When Silence is NOT Golden

silence is not goldenA friend recently shared with me his concern about how his CEO has managed to shut down free flowing discussion in the organization.  This CEO uses fear and intimidation to prod his team to achieve organizational goals and implement various strategies.  Over time, the CEO has managed to make an example of each individual staff member by using that person as a temporary “whipping person.”  The desire to not be embarrassed again in front of the rest of the team has created an environment where team members are unwilling to share new ideas and viewpoints that are contrary to the CEO’s thinking.

“Our staff meetings are very quiet,” said my friend.

The result of this type of leadership can be chilling.  Team members are demoralized and often leave the organization.  In this particular case, trust was non-existent, backbiting became a way of life, and behind the scenes politicking a necessity for survival.

Most leaders have a great deal of determination, a strong focus on results and a healthy ability to get things done.  All good characteristics except when the compelling desire to accomplish your agenda causes you to run roughshod over others, when blunt directives replace a willingness to listen and ask questions, and when a “ your way or the highway” approach quashes innovative thinking and creativity.

Leaders can stifle debate without even realizing it is happening.  Here are six important factors you need in your organization to ensure that silence doesn’t kill your team meetings:

  1. Build a diverse team. One of the biggest mistakes leaders make is to hire people like themselves.  You need diversity of thinking, gender and racial balance and a variety of personality types.  Build a culture where people embrace differences of opinion as healthy and not a breeding ground for unwanted conflict;
  2. Encourage different points of view. You will get the best product or approach by going through a process of getting multiple perspectives on the table. Create an environment where people truly believe that no idea is a bad idea.  You will be do this by;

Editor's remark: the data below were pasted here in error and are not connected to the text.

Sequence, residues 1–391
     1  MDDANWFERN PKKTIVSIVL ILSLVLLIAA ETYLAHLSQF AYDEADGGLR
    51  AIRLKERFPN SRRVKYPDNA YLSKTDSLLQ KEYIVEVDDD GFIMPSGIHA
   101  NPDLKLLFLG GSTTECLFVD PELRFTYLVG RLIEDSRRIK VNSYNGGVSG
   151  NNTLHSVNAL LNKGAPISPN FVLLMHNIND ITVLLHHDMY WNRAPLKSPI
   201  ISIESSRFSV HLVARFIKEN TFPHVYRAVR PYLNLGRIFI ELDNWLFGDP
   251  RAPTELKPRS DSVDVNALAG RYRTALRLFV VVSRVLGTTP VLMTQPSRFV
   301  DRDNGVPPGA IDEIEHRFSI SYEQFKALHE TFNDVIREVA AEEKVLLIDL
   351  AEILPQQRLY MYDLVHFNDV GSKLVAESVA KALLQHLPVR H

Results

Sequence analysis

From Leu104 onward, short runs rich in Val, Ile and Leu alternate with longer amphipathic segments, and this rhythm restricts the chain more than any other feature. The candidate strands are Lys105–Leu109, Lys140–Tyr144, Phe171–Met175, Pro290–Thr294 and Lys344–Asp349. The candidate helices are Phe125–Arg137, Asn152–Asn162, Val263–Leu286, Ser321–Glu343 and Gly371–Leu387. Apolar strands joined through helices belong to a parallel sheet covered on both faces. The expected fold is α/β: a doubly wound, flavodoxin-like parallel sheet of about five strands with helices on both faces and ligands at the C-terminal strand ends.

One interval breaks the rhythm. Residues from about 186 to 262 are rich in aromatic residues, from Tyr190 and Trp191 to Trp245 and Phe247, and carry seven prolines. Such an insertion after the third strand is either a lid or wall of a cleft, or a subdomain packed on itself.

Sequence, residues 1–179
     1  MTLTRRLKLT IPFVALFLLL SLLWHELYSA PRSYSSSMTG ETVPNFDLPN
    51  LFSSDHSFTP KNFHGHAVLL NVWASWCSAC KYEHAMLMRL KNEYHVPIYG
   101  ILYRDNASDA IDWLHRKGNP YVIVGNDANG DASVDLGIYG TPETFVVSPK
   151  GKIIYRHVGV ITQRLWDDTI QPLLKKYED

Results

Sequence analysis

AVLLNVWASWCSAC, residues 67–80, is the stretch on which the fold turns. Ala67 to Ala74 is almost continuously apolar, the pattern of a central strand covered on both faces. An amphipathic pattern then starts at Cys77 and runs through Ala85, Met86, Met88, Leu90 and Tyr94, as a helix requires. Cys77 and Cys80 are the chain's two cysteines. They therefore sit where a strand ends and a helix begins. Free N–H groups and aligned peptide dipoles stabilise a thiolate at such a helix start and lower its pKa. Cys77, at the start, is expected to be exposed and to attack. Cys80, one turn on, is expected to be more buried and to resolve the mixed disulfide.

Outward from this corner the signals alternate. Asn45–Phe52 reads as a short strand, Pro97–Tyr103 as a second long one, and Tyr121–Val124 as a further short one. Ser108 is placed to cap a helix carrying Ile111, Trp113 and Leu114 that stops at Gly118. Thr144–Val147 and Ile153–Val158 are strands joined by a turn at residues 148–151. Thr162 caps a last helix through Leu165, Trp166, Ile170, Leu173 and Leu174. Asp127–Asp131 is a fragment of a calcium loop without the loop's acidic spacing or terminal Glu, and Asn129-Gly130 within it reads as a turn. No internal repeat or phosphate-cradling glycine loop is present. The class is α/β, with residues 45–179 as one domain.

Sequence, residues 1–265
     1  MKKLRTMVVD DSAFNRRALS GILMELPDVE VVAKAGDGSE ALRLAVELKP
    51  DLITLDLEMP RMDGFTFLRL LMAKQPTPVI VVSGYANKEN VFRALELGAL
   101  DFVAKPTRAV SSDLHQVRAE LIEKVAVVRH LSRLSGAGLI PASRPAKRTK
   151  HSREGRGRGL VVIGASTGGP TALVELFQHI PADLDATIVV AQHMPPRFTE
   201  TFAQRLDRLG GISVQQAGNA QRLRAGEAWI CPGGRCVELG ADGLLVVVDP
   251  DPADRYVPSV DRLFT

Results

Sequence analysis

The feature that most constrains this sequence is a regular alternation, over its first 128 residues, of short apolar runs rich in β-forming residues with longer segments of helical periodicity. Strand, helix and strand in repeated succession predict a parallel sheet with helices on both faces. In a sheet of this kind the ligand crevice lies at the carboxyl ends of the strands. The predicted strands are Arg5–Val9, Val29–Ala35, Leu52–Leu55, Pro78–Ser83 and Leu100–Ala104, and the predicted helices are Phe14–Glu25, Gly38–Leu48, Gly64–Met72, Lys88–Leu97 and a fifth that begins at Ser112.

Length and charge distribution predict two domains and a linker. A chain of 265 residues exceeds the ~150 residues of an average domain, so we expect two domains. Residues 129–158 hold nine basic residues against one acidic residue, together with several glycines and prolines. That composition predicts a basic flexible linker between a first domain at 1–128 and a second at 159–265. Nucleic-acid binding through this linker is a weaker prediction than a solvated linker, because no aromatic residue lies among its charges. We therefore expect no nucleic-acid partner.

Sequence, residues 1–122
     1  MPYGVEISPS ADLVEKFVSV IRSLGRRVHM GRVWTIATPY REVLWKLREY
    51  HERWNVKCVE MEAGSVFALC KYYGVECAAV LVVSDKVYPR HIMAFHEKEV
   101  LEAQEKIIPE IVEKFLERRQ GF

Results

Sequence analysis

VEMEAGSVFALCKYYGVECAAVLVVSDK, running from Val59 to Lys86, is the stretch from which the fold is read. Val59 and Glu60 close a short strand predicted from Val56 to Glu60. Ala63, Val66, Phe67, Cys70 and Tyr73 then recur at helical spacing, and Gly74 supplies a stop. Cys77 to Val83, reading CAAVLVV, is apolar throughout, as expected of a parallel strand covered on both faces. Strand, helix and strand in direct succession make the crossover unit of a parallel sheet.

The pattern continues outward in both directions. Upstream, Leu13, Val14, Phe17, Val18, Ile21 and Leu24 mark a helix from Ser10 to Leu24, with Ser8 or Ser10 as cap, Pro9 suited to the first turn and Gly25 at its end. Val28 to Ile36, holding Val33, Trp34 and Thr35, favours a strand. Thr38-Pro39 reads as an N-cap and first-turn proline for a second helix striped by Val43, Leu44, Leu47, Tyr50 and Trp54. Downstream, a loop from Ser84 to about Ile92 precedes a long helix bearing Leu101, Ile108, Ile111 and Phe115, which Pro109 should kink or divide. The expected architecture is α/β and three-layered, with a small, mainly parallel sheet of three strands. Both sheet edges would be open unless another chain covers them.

3. Don’t shoot down new ideas. I once had a boss who hated every idea the first time he heard it. Most people stopped giving him ideas.  I learned that I had to wait a few weeks or months and then bring the idea back again.  It usually resonated better the second time around.  Don’t kill creative thinking just because you don’t like someone’s thought.  Encourage them to pursue the idea.  If it is a bad idea, it will eventually die once the facts are collected.  You may be surprised to find that it was actually a good idea.  In either case, you are encouraging your team members to develop their thinking and pursue new thoughts and ideas;
  4. Be vulnerable. You will have far greater credibility with your team if you are willing to admit you don’t know something or a particular area is outside of your comfort zone or expertise. One of the best feelings I ever had as a manager was after I had been royally chewed out by a corporate executive.  In a follow-up meeting months later, the boss admitted she was wrong.  She even made the admission in front of one of my direct reports and called me a genius. I had the highest level of respect for that executive because of her willingness to admit she had made a mistake;
  5. Dare to be different. Be willing to take chances and implement ideas that team members have developed, even when they take you out of your comfort zone; and
  6. Share the spotlight. Make sure your team members get credit they deserve for innovative thinking.  The recognition you give today will be returned to you many times over in terms of future production, goodwill and even more innovative thinking down the road.

What are you doing to encourage vigorous discussion on your team, and building a culture of innovation and creativity?